CHARLESTON, W.Va. -- Thursday night, the Meier Performance Hall at the Clay Center howled with laugher as comedian, actor and writer Lewis Black held court for almost two hours.
The comedian got a pretty good house, too, with only a few seats here and there on the lower level and the first balcony turning up empty. Charleston was in the mood for some good laughs and Black kept them coming at an easy pace.
Starting off the evening, and as a kind of surprise, Black brought with him comedian John Bowman, as his opening act.
Not all comedians travel with opening acts and it is an unenviable job to open for a comedian as well known as Black. Bowman had to work harder to earn laughs that probably came to Black with a lot less effort, but he got laughs, although clearly not as many.
Bowman was funny. His bits with the ukulele were cute, but not everything he tossed out seemed to land evenly with the audience. He was bit darker than Black.
Black's set was good, but not a particular revelation. He didn't go anywhere unexpected. He covered topics familiar to long-time viewers of his segments on Comedy Central's Daily Show or fans of his comedy specials.
Some of the best comedians are street-level philosophers, and Black's material was all solid social commentary, although very personal to whom Black presents to the public.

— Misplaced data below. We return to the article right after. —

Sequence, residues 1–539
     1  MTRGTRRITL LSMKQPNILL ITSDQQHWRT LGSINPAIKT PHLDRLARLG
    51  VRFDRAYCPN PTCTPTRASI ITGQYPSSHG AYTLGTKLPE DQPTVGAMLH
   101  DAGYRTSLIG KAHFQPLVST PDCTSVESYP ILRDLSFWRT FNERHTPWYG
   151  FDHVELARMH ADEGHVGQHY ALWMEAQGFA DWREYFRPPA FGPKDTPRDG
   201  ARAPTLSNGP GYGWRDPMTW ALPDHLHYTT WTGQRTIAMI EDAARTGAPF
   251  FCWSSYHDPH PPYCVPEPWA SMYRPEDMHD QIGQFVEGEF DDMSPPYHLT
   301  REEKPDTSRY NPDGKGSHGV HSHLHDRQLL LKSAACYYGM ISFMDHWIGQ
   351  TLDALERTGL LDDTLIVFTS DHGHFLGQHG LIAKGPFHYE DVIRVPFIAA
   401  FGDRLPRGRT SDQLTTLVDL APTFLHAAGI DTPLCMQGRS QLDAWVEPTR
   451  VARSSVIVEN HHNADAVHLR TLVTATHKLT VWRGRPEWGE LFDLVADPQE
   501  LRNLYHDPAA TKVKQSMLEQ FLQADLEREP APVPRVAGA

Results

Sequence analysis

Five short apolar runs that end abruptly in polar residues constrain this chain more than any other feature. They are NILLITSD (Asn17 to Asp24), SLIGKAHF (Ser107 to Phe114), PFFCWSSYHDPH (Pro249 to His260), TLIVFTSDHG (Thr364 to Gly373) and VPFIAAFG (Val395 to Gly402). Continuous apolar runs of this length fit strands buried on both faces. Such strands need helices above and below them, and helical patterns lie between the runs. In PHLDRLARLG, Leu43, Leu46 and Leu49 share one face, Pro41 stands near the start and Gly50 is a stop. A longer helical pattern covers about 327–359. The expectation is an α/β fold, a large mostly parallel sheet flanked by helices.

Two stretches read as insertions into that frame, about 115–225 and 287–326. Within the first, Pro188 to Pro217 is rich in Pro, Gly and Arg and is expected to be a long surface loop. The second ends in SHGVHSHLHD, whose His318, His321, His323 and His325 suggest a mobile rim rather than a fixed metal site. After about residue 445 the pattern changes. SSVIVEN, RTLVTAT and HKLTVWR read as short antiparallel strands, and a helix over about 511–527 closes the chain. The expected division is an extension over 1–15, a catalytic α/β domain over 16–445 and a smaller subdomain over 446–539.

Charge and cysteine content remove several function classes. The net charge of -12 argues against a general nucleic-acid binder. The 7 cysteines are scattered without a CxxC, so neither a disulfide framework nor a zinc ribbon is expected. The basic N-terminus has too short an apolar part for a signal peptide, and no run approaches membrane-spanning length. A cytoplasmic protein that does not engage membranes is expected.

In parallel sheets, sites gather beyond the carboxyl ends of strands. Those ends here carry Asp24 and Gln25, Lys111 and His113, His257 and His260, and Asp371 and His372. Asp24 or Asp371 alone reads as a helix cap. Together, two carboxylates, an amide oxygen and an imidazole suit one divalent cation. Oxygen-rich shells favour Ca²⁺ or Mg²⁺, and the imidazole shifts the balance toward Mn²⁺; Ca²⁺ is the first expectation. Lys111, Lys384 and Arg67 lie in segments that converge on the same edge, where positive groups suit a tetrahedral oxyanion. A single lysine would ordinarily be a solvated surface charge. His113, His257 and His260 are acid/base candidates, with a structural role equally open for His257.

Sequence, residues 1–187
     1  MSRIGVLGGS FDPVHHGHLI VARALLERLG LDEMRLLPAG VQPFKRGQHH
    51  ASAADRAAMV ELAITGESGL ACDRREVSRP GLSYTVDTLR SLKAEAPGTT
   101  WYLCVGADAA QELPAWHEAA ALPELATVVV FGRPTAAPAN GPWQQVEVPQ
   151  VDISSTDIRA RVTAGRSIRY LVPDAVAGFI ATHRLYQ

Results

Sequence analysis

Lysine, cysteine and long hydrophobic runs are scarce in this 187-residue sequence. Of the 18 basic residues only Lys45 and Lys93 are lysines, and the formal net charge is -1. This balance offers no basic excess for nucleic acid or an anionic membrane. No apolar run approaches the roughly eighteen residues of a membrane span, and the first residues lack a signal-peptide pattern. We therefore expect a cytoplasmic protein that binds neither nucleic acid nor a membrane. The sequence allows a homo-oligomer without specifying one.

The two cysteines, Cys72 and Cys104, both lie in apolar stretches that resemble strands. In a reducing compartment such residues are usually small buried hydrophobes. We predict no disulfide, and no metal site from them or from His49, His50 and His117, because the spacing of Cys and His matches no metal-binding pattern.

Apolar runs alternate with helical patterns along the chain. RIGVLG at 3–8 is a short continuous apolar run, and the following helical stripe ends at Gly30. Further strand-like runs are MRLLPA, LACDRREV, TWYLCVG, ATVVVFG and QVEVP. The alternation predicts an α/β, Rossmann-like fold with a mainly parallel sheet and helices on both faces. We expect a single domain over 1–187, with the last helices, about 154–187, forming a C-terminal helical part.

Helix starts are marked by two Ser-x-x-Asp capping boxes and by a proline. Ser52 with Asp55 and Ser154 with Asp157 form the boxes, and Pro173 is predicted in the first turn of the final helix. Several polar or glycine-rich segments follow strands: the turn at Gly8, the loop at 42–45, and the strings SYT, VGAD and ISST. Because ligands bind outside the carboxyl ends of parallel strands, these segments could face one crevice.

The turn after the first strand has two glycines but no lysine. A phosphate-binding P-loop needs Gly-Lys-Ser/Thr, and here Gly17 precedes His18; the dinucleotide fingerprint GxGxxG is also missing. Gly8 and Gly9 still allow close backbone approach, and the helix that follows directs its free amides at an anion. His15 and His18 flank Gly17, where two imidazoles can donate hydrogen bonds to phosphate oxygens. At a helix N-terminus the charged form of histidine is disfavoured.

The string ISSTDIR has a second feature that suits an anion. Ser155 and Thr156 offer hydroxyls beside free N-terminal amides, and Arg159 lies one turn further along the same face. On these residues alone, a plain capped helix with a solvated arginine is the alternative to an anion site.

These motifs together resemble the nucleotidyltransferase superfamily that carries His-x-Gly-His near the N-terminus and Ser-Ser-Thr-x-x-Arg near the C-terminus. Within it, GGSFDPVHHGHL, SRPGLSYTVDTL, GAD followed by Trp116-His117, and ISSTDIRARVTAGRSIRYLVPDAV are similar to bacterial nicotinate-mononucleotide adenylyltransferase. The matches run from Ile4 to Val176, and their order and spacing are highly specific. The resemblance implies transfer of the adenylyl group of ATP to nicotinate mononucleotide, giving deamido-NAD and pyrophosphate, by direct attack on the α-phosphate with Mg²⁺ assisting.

He's a liberal, by default a Democrat, but he thinks both political parties and the tea party are lunatics. He's simultaneously impressed and repulsed by our technological advances -- he says we work the hardest to solve the problems that aren't that big of a deal.
He hates cellphones. He really, really hates cellphones and Facebook -- even though he carries one and said he uses the online social media service.
He's also frustrated by our inability to improve our own lives, even though we seem capable of it -- at least, theoretically.
As expected, Black was abrasive; Black was profane. From time to time, he erupted in gorgeous explosions of profanity. No one seemed to mind. If anything, the audience loved him for his roiling comedic rage. It's part of what he's known for, but underneath all of that and the jokes, Black seemed to be quietly making the case that we could do better.
It probably didn't seem particularly likely that we would, but he was maybe putting it out there for consideration.
Reach Bill Lynch at ly...@wvgazette.com or 304-348-5195.